Five kids go on a scavenger hunt to make a sleepover soup that will grant their wishes.
Seattleite Leilani is hapa haole, part white and part Hawaiian. Her goal for the sixth grade is to become one of the Haileys, the popular group in school. To show the Haileys she is fun, Leilani throws a Hawaiian luau sleepover. Unfortunately, the invitations actually go to the “DO NOT invite” list: her cousin who farts, Manga Girl (aka Tanisha), and the new boy who has selective mutism. At least her best friend, Autumn, comes too. Bored and hungry, the group decides to make great-grandmother Tutu’s recipe for sleepover soup, a magic soup that requires each of them to add a special ingredient. The scavenger hunt unveils unexpected truths about each of them. Selfors’ novel springs from the classic folktale “Stone Soup” and incorporates tidbits of Hawaiian culture and cosmology, often introduced in Tutu’s sometimes clunkily expository dialogue. Since mainlander Leilani is largely ignorant of her own culture, this didacticism works within the plot, though coverage of cosmology is relatively slight. Overall, the story models not judging others, showing empathy, and friendship. The characters are all very different—an athlete, an artist, a book lover, a child with anxiety, and a girl desperate to be included—appealing to a broad audience. Tanisha is depicted as black on the cover; the other sleepover guests seem to be white.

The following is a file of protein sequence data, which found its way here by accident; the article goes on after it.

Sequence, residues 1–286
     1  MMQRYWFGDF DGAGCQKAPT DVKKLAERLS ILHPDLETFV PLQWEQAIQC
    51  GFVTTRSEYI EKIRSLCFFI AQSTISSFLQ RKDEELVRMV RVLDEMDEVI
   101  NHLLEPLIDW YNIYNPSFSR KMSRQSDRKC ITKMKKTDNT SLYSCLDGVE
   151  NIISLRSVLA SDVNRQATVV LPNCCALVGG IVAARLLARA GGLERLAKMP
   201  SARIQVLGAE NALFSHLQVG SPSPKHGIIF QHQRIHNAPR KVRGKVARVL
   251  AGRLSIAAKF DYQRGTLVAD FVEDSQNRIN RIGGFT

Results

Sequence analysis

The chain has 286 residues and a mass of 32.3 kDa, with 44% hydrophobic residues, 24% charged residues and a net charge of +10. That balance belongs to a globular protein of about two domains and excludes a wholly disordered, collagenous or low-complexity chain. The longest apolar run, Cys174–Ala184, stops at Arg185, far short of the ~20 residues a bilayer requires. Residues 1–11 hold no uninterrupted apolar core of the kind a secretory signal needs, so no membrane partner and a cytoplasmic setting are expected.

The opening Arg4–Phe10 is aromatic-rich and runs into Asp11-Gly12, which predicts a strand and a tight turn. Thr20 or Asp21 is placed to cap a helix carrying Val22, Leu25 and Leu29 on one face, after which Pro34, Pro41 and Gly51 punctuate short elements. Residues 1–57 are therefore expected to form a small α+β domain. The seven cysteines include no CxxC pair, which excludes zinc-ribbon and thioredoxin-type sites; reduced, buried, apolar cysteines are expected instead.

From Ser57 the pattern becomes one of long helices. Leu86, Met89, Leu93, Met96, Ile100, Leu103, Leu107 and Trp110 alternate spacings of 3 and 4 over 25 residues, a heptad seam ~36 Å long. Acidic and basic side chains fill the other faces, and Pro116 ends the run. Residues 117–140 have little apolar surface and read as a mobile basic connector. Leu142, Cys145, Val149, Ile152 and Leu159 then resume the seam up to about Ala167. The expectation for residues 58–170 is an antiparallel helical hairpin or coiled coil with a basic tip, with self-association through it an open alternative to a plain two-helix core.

A good book on empathy and friendship, with some Hawaiian culture mixed in.(author’s note) (Fiction. 8-12)